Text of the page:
After the dinner comes a period of rest, enjoying the Christmas tree decorated with tiny white lights, garlands of Swedish flags, and handmade straw ornaments.
This is suddenly interrupted by a knock on the door and Jultomten enters carrying a large sack of gifts. "Are there any good children here?" he asks. "Yes!" the children answer and Jultomten proceeds to hand out gifts (julklappar).
This is quite a different custom for me. In Australia, Santa comes while we are asleep on Christmas Eve and the gifts are opened Christmas morning. We never get to see him at all. But here, everybody sees tomten. My friend who lives in Kiruna told me that several people in her town who own reindeer are employed to come and visit homes in the town to distribute gifts. How exciting for the kids to see Santa and reindeer in the front garden. Mostly in Sweden it's dad or grandpa or big brother who dresses the part and distributes the gifts. Equal opportunity doesn't seem to get a look in here. I guess mum is too tired after all that Christmas cooking.
The other charming custom is that gifts have a special "Christmas Rhyme" on them. You don't just wrap the gift and bung on a store bought card that says "To Marie from Susan". You have to make up a funny rhyme that gives the person a clue about the gift. These rhymes are read out by tomten and everybody joins in the guessing game. While it can prolong the gift giving process, it is also a lot of fun. For example, if you give your nephew a book of cinema tickets you could write something cryptic like "it's dark and you'll be locked in, but don't worry, it's only for a couple of hours" or for an internet package, you could make a rhyme about surfing without waves, while sitting on a chair indoors. You get the idea.
After the gift giving it is time to head home. So that makes quite a busy day and evening.
No wonder there were only 35 people at midnight mass! I couldn't believe my eyes. In Australia we are packed in like the proverbial sardines for Christmas Eve mass, but in Sweden, while it was absolutely beautiful in the candle-lit church, the choir was magnificent, it was pretty much deserted. I guess they over-indulged and were sleeping it off.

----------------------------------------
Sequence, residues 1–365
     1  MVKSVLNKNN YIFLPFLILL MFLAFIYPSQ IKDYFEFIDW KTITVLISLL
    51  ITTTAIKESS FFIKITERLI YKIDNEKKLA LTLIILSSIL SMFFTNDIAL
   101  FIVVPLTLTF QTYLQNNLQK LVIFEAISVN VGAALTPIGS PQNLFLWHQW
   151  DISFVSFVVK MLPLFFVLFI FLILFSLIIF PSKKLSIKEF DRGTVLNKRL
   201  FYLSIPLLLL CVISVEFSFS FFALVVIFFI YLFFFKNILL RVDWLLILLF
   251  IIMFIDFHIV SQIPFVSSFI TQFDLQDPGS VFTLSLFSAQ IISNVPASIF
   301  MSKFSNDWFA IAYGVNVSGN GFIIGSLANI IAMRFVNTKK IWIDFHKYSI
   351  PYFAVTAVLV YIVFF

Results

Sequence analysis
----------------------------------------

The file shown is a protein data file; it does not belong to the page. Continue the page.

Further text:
That is something else that I find strange about Christmas in a country that is supposed to have such a strong Lutheran background. There is almost no mention ever made of the whole basis of the celebration. Maybe it's my catholic upbringing, but I do really miss that message of Peace on Earth and Goodwill towards All Men. If we forget that, then really what is the point? It merely becomes just another excuse to party and overindulge.
I find it a little sad. But then maybe I'm just getting old!
Till next time!
Comments: Post a Comment
november 2003 december 2003 januari 2004 februari 2004 mars 2004 april 2004 maj 2004 juni 2004 juli 2004 augusti 2004 september 2004 oktober 2004 november 2004 december 2004 januari 2005 februari 2005 mars 2005 april 2005 maj 2005 juni 2005 juli 2005 augusti 2005 september 2005 oktober 2005 november 2005 december 2005 januari 2006 februari 2006 mars 2006 april 2006 maj 2006 juni 2006 juli 2006 augusti 2006 september 2006 oktober 2006 november 2006 december 2006
Ã‚Â« expat express Ã‚Â»
Click here to join